But he has been unable to expand his base beyond those enthusiasts. In recent weeks, he shook up his staff in Iowa and New Hampshire, the first two nominating states, in an effort to jump-start his candidacy as Ms Warren passed him in some polls.

Mr Sanders’s campaign said on Wednesday that he began experiencing chest pain during a campaign event on Tuesday night in Las Vegas, where he had travelled for a series of appearances. He had visited an outdoor memorial dedicated to victims of the city’s 2017 mass shooting and had hosted a grassroots fundraiser at the Shiraz restaurant.

Asking for a chair

The restaurant’s owner, Raja Majid, said in a phone interview on Wednesday that Mr Sansders had spoken to a crowd of about 250 people. As Mr Sanders began taking questions from the audience, he asked a staff member for a chair, an unusual request from a candidate who typically stands or paces onstage. “It’s been a long day here,” he said.

Mr Sanders had been due to travel to California and Iowa later this week. His allies quickly downplayed his procedure. RoseAnn DeMoro, a former leader of a nurse’s union and long-time Sanders surrogate, said “there are numerous presidents who have had heart problems and heart problems far worse” than what Mr Sanders experienced Wednesday.

Yet many Democratic voters have expressed discomfort with nominating a candidate in their 70s. A Pew survey in May indicated that only 3 per cent of Democratic voters believed the best age range for a president to be in was in their 70s. Forty-seven per cent of those surveyed said they preferred a president in their 50s.

“I’m not an ageist, and I never have been, but as I get older I realise the limitations of getting older, and I can’t even begin to imagine the strain of being president of the United States, ” said Steve Horner (68), a retired special education teacher from Las Vegas who travels with a portable oxygen unit to help him breathe.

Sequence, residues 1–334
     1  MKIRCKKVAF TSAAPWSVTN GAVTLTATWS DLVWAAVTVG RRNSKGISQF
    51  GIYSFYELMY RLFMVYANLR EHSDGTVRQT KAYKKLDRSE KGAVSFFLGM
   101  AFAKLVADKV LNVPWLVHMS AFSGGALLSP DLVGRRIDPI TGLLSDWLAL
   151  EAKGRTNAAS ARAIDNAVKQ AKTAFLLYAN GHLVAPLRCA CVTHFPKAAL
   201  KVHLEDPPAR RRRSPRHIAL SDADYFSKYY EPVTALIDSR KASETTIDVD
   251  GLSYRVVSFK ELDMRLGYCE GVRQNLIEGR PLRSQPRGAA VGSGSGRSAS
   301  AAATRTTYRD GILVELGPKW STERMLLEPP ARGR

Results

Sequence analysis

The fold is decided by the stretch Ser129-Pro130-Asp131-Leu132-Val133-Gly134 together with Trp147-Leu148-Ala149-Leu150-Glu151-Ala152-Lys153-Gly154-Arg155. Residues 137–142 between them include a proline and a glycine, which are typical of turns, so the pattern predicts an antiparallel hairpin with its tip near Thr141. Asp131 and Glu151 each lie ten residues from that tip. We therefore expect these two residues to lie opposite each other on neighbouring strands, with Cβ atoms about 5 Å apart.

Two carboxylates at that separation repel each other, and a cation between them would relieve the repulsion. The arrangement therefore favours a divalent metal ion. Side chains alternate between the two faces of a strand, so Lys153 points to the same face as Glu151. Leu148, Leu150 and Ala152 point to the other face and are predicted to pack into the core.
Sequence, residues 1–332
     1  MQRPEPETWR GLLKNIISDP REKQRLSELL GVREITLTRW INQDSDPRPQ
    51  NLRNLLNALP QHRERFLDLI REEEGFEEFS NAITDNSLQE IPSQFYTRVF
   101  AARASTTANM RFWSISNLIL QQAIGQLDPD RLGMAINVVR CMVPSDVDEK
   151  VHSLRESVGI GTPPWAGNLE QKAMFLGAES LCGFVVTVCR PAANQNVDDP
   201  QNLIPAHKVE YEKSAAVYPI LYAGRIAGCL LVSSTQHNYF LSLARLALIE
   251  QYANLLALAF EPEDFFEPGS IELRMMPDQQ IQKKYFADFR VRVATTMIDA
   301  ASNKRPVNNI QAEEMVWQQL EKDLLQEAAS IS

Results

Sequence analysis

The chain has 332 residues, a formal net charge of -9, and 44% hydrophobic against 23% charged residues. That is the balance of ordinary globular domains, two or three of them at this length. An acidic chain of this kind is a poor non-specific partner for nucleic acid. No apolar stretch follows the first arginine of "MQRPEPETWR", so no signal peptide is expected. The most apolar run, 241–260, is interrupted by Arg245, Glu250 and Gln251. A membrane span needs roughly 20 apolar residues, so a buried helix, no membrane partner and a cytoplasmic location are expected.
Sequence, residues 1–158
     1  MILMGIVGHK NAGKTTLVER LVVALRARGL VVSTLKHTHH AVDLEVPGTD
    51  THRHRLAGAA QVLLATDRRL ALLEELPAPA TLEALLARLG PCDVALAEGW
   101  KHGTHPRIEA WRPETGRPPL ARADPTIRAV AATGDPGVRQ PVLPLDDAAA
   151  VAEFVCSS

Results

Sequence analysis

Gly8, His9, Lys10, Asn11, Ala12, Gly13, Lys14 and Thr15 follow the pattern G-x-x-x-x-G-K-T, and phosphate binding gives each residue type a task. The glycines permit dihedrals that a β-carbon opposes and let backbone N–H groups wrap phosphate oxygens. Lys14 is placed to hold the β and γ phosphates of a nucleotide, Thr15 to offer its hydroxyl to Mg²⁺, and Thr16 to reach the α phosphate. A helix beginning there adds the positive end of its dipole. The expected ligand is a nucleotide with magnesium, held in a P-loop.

“I think it does matter,” added Mr Horner, who said he had not picked a candidate yet. Others acknowledged that age was an issue, but not the preeminent one. “Would I prefer someone who is younger? Yes, but it’s not our top thing,” Elizabeth Bennett (54) said at a gun safety forum in Las Vegas.

Image of good health

On the campaign trail, each of the three septuagenarian Democrats has sought to project an image of good health, with Ms Warren making a point to jog to the stage of her campaign events and Mr Biden running through parades.

The one-time captain of his high school track team, Mr Sanders has done the same. He has pursued a blistering campaign schedule often characterised by multiple stops a day, and has been loath to take time off from the trail. He pitched in the softball game his campaign staged over the summer on Iowa’s “Field of Dreams”, and his aides have released other images of him playing catch or basketball.

During his first presidential run, Mr Sanders released a letter from his doctor declaring that he was in “very good health”. The letter stated that Mr Sanders had suffered several ailments during his life, including gout and diverticulitis. The letter also said Mr Sanders had normal readings for blood pressure, pulse and blood count and that he had no history of cardiovascular disease. – Reuters/New York Times